Lawyers

DOJ asks choose to make auditor pay for personal lawyer or settle for public defender

Delaware prosecutors want a judge to make state Auditor Kathy McGuiness accept a public defender or pay for her own defense against criminal corruption charges, according to a Monday filing in New Castle County Superior Court. 

The filing is a response to McGuiness’ Friday request that a judge allow her private attorney, McCarter & English partner Steve Wood, to represent her at rate of $550 an hour paid for by the public. 

It sets up in a conflict in which Superior Court President Judge Jan Jurden will need to decide whether to allow Wood to continue to represent McGuiness at private-law-firm rates paid by the state or whether McGuiness must accept representation from the public defenders office if she does not want to pay a private attorney. 

Having pleaded not guilty last week, McGuiness is in the early stages of defending herself against two felony and multiple public corruption misdemeanors charged by prosecutors in the Delaware Department of Justice. It is a locally unprecedented indictment of a sitting, statewide-elected official that accuses McGuiness of rigging state contracts to avoid scrutiny and hiring her daughter in a do-nothing job.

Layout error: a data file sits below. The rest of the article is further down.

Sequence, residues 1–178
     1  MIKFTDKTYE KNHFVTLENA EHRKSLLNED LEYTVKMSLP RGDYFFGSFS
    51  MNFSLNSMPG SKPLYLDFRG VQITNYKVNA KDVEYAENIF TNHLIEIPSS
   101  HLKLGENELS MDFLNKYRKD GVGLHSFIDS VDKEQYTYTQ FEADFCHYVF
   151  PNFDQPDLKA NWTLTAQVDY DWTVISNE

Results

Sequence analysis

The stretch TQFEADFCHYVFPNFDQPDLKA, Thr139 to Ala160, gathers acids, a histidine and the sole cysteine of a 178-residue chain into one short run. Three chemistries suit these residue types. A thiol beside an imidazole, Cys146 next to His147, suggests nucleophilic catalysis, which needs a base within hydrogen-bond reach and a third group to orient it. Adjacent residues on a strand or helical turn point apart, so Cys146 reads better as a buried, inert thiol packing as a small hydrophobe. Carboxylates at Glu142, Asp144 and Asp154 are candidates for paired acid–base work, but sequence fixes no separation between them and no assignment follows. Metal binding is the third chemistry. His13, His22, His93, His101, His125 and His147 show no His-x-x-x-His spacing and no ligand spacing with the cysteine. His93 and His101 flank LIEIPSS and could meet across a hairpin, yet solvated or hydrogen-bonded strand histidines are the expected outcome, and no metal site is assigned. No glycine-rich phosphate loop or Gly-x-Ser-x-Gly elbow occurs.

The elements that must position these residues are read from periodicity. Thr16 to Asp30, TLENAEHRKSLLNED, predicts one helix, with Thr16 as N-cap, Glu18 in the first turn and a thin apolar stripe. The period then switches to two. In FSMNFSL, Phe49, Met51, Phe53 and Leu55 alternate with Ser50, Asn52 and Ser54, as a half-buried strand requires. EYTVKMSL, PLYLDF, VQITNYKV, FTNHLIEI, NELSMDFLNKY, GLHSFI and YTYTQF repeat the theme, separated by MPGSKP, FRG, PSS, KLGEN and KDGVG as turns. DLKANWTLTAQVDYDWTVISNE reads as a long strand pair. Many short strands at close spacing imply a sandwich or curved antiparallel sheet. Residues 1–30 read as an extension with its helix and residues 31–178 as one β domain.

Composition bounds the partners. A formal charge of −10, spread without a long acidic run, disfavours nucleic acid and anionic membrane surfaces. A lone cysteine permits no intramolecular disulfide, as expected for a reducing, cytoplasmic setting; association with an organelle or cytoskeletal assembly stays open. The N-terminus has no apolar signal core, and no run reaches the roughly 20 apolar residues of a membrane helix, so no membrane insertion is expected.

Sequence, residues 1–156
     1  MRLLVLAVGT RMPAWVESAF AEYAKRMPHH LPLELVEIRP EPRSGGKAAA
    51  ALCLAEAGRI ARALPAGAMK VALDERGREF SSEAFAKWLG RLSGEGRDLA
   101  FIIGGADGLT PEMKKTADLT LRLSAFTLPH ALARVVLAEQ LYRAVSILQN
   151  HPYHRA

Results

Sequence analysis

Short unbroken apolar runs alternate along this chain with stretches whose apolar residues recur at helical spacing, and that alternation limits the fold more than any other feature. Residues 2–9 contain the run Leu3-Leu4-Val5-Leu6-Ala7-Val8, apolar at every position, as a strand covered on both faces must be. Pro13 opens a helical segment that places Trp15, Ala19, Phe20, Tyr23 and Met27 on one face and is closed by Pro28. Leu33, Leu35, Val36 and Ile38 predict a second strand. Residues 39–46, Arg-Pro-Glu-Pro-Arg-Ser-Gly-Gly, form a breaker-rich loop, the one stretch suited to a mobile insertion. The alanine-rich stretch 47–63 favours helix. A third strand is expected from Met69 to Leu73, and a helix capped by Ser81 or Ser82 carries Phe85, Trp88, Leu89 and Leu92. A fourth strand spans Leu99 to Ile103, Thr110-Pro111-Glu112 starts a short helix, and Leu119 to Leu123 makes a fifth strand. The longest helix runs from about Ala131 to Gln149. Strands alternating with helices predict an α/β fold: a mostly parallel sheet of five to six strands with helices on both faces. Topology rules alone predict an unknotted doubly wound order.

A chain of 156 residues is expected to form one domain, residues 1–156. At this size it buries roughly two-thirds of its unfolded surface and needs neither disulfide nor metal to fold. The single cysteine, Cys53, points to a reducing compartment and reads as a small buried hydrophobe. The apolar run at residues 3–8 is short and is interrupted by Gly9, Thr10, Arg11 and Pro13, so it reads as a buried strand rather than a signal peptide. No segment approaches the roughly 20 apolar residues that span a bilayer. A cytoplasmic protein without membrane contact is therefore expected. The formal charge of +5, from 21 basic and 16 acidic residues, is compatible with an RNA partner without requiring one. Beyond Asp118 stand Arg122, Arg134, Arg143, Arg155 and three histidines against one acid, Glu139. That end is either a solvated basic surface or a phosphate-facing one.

Delaware state Auditor Kathy McGuiness, left, leaves the New Castle County Courthouse with her attorney Steve Wood Tuesday, Oct. 12, 2021. McGuiness was indicted Monday on criminal charges that she hired and supervised her daughter in a do-nothing state job, that she circumvented state contracting laws to shield public payments to a political campaign group from regulator scrutiny and that she spied on and discriminated against employees who questioned her conduct.

A Democrat, former Rehoboth Beach commissioner and pharmacist, McGuiness is paid $112,000 annually as state auditor and, as a private citizen, likely would not qualify for representation paid for by the public.

But Delaware law allows public officials sued or criminally indicted on charges related to their state work to be represented in court by a state-provided attorney.  

Normally, that responsibility would fall to the Delaware Department of Justice, whose prosecutors indicted McGuiness. Both McGuiness’ attorney and prosecutors agree that because of that conflict, the Department of Justice couldn’t represent her.

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